Credit to Author: Cayley Dobie| Date: Sun, 29 Sep 2019 20:43:26 +0000
VICTORIA — A Victoria businessman, who claims he is being financially bullied by the government, has launched a legal fight over the province’s 20 per cent foreign- homebuyer’s tax.
Eric Chang, who owns the Serious Coffee outlet on the Old Island Highway in View Royal, said he has been unfairly targeted by a tax that was supposed to be aimed at foreign speculators.
“I’m here for immigration. I’m not here to buy and sell houses, make money and run away. I want to immigrate here and raise my kids here,” he said.
But that appears to be in jeopardy as he faces a bill of about $269,000 from the province. It’s money that he does not have and the bill could force him to return to Taiwan.
“It’s so stressful and so frustrating,” said Chang, who has been contacted by collection agents seeking payment on the outstanding debt.
Victoria lawyer Bruce Hallsor, who is representing Chang, said there is unfairness in the case as his client was invited to come to B.C. as part of the provincial nominee program.
“We’ve invited him to be here, to come to this country — the province of B.C. invited him,” he said, noting Chang and his then wife, Sin-chen Su, abided by all the rules by investing in a business and a residence to show their commitment to live and work in the province.
The problem was the first house Chang and his wife bought was in Vancouver. They entered into a contract to buy a pre-sale in the spring of 2016 as they waited to be accepted into the nominee program — Chang was confirmed as a candidate in the fall of 2016 and approved as a nominee in December 2018. His application for permanent residency was received in February this year.
The house they first bought required help from Chang’s sister, Ruby, a Canadian citizen who has lived here for 18 years. The title reflected Ruby’s 98 per cent stake, with Chang and his wife holding one per cent each. They put down a large deposit in April 2016.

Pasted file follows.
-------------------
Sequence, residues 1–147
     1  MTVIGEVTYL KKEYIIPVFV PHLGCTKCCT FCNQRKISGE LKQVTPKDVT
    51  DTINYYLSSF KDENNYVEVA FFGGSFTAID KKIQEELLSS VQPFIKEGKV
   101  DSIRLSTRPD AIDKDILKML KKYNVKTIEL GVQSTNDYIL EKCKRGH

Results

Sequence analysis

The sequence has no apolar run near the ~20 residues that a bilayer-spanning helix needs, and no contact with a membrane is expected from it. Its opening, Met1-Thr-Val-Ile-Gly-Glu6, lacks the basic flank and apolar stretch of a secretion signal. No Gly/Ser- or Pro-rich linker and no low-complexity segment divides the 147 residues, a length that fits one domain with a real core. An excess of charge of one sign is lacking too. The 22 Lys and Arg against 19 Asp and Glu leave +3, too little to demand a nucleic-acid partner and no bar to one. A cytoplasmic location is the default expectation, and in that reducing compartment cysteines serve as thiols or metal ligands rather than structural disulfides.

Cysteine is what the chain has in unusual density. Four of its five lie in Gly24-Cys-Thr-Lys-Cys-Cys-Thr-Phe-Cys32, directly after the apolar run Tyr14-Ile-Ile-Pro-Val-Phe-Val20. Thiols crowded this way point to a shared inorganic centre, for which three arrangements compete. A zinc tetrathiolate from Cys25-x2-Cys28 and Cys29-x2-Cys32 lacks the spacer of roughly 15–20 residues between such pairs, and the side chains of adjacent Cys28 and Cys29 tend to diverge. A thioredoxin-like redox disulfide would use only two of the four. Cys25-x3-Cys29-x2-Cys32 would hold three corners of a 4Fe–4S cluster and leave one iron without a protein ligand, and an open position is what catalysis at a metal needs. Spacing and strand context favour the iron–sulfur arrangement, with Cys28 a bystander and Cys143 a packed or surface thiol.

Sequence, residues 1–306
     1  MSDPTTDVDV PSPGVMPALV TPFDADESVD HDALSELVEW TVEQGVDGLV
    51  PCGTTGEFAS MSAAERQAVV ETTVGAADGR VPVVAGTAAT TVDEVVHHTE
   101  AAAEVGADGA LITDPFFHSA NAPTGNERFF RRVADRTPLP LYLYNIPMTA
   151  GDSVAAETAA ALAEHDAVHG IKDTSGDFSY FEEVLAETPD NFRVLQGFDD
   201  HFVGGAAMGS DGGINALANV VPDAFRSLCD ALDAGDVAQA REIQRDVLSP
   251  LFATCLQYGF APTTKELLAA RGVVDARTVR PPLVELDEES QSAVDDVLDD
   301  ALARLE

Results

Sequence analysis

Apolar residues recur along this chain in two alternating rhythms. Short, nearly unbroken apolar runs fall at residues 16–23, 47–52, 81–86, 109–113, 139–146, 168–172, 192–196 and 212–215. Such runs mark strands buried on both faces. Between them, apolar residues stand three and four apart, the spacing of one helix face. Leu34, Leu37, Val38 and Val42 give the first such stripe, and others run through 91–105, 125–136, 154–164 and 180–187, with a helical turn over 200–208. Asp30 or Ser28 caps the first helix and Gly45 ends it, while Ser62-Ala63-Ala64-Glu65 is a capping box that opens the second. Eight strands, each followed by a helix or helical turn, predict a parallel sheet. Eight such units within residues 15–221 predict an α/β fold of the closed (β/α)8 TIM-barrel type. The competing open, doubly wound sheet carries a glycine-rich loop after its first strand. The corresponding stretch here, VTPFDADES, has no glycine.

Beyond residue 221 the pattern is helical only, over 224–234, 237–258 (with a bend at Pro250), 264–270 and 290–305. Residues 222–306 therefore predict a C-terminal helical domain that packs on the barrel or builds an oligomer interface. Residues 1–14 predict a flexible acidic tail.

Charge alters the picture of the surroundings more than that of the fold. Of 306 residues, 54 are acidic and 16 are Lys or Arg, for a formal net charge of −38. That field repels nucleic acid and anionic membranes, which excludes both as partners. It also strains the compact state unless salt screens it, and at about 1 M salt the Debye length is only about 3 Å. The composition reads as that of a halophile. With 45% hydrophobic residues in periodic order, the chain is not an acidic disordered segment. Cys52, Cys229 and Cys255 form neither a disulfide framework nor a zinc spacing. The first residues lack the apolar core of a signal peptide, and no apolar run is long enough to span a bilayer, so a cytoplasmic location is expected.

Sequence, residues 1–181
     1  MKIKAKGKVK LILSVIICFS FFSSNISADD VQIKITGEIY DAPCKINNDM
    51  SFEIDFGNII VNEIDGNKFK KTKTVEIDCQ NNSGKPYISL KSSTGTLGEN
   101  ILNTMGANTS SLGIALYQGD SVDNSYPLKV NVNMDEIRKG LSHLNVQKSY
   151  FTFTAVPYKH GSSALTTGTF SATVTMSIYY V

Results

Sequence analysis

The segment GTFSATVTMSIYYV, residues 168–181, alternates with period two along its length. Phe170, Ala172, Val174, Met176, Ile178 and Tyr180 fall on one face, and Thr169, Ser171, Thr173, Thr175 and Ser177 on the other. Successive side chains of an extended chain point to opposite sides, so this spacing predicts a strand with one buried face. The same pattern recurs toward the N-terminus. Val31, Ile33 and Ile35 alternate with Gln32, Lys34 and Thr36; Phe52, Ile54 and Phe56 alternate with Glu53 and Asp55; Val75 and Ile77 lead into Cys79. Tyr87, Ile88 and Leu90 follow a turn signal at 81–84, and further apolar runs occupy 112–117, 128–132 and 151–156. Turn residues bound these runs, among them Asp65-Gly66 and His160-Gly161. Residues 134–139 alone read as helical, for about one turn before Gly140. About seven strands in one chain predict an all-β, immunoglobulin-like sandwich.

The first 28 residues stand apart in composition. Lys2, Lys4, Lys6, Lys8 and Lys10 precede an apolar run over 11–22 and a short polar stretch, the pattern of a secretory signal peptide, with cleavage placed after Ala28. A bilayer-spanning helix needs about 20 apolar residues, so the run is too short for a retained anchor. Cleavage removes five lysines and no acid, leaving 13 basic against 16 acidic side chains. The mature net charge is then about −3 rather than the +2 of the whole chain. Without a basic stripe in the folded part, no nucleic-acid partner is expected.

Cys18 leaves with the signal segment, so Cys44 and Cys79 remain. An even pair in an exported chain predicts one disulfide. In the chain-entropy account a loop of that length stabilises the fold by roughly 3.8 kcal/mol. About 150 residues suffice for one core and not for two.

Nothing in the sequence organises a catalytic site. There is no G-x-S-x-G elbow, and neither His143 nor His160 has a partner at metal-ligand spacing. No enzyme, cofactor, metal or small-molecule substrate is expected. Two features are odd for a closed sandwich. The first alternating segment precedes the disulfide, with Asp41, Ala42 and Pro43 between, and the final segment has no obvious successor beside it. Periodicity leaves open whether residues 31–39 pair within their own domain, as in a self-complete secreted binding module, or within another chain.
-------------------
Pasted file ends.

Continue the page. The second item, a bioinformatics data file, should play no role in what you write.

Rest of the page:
But between then and the time the deal closed in September, the then-15 per cent foreign buyer’s tax came into force.
At that point, Chang received advice from a notary public about dealing with the tax, that included he and his wife paying their share based on the equity they would have in the home.
The next year, Chang and his wife were told that, to comply with the nominee program, they would have to buy a home close to their business in the Victoria area.
The first house was sold, proceeds of the sale distributed to the three parties and Chang and his wife bought a home in Colwood, where he lives with his children.
Last spring, the province sent notice that Chang and his wife owed nearly $250,000 in tax as a result of the foreign-tax penalty on the purchase of the first home.
“More than a year later, when he’s living in Colwood he gets a letter saying: ‘You owe us $250,000.’ That would not apply to him as a resident, but they consider him to be a non-resident,” Hallsor said.